By Lauren Burgon
Washington State’s new Limited Liability Company Act went into effect on January 1. While some of the changes are minor, there are changes that could have a significant impact on an LLC that has not updated its Operating Agreement, or hasn’t gotten around to implementing a written Operating Agreement in the first place.
LLC Agreements – Under the old Act, LLC agreements generally had to be in writing, but the new Act permits oral or implied agreements and amendments. While this gives businesses an opportunity to organize themselves informally, it also exposes them to the potential for unintended amendments. With a written LLC Agreement, the terms governing the LLC are clearly set forth and acknowledged by the Members, and can be readily understood and relied upon by the parties and the decision makers in dispute resolution proceedings. In contrast, with an oral agreement, any dispute on the terms of the agreement may pit the recollections of the Members against one another. We recommend that every LLC have a written LLC Agreement, and that each Agreement includes a provision requiring that all amendments be made in writing.
Voting Rights – The old Act provided that unless specified by the LLC Agreement, voting by members is by ownership percentage, which is determined by the amount of capital contributed by each member. Simply put, members contributing more capital automatically had more voting power. Under the new law, the default provision is that each member gets one vote, regardless of actual ownership percentage or relative capital contributions. In addition, in the absence of an LLC Agreement stating otherwise, there are a number of provisions in the new LLC Act that require a unanimous vote. It is crucial that LLCs review their LLC Agreement to ensure that voting power is specifically addressed, and LLCs without a written Agreement should consider this yet another good reason to prioritize putting in place a written agreement right away.
Board as Manager – Under the old law, an LLC board or committee could not be a designated LLC manager, but this is permitted under the new Act. This means that an LLC may now have a board of directors that as a group will constitute a single “manager,” and no single individual serving on the board will have the individual authority to act as manager of the LLC. Any LLC that prefers to use a board structure should include in its LLC agreement provisions to designate its board as a manager, to provide a procedure to elect the board, and to specify who has the authority to act on behalf of the board. These LLCs should also consider including rules regarding qualifications of directors, terms of directors, vacancies on the board, notices of board meetings, quorum requirements, and voting by the board.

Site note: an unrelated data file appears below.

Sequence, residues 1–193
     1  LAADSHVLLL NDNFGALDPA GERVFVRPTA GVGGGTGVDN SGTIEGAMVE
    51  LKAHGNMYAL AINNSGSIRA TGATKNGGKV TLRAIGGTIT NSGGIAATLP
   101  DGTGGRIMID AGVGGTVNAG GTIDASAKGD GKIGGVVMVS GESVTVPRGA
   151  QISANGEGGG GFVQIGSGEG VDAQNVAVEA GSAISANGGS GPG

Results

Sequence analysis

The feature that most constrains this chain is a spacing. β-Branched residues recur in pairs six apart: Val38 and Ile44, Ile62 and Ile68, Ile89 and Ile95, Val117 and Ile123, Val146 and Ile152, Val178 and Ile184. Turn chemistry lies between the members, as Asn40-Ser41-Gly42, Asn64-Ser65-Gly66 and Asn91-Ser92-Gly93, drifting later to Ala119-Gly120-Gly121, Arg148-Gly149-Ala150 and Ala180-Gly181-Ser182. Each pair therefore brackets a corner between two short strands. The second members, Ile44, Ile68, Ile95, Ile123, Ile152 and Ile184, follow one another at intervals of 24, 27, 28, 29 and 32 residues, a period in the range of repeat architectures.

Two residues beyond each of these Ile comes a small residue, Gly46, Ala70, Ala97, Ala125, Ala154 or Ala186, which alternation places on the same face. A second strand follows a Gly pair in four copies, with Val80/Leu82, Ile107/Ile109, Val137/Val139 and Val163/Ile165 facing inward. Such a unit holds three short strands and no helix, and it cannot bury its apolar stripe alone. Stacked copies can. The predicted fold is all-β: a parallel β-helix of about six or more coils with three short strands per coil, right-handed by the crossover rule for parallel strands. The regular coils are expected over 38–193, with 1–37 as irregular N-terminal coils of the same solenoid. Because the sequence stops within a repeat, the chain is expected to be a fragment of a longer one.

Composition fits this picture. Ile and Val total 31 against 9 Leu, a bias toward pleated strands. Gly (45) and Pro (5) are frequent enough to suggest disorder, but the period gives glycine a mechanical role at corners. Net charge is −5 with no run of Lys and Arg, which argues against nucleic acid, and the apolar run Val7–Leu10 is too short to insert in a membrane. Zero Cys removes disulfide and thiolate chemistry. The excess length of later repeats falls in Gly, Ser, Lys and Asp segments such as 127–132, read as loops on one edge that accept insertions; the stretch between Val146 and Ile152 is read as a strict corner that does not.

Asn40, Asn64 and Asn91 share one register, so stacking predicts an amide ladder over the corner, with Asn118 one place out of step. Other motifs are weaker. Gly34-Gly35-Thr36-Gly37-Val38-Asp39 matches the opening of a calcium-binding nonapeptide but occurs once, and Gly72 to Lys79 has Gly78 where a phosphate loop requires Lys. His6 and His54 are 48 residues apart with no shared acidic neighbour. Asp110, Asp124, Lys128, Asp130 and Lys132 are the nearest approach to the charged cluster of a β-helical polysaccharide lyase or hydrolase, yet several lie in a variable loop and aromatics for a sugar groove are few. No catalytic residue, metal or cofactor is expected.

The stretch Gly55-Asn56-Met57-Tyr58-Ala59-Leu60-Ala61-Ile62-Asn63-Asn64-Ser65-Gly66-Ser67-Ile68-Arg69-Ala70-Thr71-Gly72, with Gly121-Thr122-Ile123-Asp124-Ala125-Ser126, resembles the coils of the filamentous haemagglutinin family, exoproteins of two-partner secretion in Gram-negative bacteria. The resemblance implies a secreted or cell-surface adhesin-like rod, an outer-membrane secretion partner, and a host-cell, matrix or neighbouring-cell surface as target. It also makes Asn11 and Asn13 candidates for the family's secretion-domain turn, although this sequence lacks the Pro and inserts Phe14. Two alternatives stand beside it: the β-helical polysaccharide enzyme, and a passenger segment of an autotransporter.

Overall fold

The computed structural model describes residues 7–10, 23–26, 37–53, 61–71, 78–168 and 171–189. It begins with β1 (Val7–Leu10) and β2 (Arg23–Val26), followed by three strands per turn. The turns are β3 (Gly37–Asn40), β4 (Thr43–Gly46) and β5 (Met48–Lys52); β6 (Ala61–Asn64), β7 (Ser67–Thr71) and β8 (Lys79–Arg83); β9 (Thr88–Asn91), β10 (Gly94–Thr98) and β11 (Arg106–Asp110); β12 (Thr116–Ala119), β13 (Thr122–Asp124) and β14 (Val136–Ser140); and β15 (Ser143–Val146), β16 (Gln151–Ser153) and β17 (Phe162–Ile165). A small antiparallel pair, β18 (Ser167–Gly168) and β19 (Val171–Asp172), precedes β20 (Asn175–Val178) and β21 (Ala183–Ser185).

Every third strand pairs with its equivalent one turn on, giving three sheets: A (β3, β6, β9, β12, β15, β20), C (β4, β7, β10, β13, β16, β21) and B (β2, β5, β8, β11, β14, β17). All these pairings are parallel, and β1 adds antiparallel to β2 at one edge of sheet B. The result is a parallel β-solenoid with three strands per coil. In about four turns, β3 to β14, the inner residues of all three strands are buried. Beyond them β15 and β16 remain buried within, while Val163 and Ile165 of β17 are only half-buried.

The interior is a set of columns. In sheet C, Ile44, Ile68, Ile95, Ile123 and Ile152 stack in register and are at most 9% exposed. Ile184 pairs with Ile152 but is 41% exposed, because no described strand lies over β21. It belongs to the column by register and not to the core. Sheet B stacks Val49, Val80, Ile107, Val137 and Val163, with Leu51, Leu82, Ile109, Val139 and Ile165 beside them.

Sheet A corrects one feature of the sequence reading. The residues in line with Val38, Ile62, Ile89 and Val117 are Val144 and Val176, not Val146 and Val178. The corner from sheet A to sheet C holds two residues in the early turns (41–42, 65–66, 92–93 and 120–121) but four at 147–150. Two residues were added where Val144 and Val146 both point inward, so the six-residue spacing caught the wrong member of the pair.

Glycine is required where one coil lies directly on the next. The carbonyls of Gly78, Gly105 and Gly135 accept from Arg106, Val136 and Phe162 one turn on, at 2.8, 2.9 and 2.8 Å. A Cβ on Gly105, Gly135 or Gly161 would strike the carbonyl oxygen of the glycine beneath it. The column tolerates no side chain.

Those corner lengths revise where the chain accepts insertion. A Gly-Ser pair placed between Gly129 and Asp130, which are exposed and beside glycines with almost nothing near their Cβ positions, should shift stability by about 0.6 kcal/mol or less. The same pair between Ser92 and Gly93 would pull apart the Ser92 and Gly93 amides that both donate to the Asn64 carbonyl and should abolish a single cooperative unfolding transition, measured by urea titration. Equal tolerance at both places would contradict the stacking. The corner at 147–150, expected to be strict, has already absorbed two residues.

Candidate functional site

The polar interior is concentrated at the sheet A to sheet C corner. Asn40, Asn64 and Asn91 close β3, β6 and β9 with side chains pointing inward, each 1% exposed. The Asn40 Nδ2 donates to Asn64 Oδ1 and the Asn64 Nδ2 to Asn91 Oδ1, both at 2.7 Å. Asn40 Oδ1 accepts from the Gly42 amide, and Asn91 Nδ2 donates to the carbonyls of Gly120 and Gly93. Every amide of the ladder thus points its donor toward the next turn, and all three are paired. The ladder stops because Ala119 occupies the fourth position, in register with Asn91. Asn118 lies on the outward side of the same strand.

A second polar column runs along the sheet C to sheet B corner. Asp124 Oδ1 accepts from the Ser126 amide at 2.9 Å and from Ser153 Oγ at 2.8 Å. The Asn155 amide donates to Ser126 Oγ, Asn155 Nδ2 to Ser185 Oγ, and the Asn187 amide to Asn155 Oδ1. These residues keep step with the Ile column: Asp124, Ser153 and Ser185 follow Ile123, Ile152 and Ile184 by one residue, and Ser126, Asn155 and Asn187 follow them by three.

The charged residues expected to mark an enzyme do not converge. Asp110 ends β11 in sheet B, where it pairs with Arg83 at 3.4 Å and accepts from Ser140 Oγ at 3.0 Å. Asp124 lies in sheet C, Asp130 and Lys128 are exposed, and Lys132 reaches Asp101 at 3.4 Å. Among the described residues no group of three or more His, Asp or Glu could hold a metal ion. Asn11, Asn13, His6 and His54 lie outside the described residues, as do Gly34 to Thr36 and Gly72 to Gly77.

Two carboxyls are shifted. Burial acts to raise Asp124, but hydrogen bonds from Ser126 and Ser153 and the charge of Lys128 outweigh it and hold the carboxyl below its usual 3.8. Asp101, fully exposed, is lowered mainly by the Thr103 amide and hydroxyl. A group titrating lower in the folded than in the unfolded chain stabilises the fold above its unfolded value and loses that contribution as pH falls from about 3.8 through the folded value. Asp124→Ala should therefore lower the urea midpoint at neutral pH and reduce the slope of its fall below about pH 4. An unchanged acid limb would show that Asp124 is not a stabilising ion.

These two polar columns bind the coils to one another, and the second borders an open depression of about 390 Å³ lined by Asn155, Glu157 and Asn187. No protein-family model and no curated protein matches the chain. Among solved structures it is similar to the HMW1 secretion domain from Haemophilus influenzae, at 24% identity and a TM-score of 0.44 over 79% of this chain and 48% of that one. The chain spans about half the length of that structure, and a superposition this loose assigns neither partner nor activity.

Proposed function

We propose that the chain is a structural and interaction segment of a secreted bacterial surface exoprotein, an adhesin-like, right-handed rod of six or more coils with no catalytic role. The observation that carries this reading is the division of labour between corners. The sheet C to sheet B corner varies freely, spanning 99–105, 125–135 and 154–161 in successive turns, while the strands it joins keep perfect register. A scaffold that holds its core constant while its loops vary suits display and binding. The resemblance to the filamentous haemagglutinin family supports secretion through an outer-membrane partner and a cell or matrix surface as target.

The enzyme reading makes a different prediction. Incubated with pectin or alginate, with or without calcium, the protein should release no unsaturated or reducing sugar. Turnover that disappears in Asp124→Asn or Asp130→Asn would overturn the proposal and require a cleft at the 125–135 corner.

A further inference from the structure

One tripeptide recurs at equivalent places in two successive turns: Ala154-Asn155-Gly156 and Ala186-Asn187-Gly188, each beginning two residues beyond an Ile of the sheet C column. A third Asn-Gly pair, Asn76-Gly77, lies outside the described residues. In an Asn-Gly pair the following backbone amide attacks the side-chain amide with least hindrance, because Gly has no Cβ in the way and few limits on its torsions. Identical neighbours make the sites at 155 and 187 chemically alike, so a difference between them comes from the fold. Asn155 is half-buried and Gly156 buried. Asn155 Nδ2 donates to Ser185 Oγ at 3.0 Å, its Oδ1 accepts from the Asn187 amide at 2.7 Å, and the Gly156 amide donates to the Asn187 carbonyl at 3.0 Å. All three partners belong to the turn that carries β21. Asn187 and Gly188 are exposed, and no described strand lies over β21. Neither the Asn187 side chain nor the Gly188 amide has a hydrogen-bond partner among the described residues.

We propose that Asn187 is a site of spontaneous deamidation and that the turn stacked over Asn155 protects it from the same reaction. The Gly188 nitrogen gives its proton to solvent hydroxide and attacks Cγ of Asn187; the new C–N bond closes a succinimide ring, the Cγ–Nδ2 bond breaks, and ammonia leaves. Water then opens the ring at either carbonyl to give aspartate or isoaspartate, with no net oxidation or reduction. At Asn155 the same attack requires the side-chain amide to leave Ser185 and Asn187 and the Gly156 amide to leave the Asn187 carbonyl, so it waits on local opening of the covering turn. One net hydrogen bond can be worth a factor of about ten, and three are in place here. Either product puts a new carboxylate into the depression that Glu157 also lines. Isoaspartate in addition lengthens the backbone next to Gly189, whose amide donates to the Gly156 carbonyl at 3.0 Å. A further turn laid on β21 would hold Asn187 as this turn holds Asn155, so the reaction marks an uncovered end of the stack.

Fiduciary Duties – The old law is silent on what, if any, duties an LLC’s managing members or managers owe to the LLC. The new law specifically addresses a manager’s or managing member’s fiduciary duties of loyalty and care to the LLC, and also includes provisions for an LLC agreement to modify, expand, restrict, or eliminate certain of those fiduciary duties. However, there are basic duties that may not be eliminated, including the implied duty of good faith and fair dealing, the duty to avoid intentional misconduct and knowing violations of law, and the duty not to make distributions in violation of the LLC agreement or which would render the LLC unable to pay its debts as they become due. Because these fiduciary duties may not be included in existing LLC Agreements, we recommend reviewing existing agreements to ensure that Managers’ and Managing Members’ fiduciary duties are clear, and that the Agreement does not seek to improperly eliminate statutory fiduciary duties.
Inspection of Records by Members – The old law required that LLCs maintain a short list of common records which members had limited rights to review, and members had no statutory right to review non-listed items, such as accounting records and tax returns. The revised Act provides LLC members with broader rights to access LLC records, so that members’ access to LLC records is now similar to the access enjoyed by Shareholders under Washington’s Business Corporation Act. LLC Agreements should be reviewed to determine if they need to be amended to come into compliance with the new Act and to adopt internal procedures for handling members’ records requests.
Expanded Liability for Improper Distributions – The old law provided that a member who receives a distribution from an insolvent LLC will be liable to the LLC for the amount of the distribution, but did not apply this liability to managers. Under the new Act, a manager or managing member can be personally liable for effectuating an improper distribution if he/she/it consented to such a distribution in violation of either the LLC Agreement or the law’s solvency requirement.
These are just some of the important changes to LLC law in Washington. Take a look at your own business and let us know if you have questions about changes you may need to make to comply with the new regulations.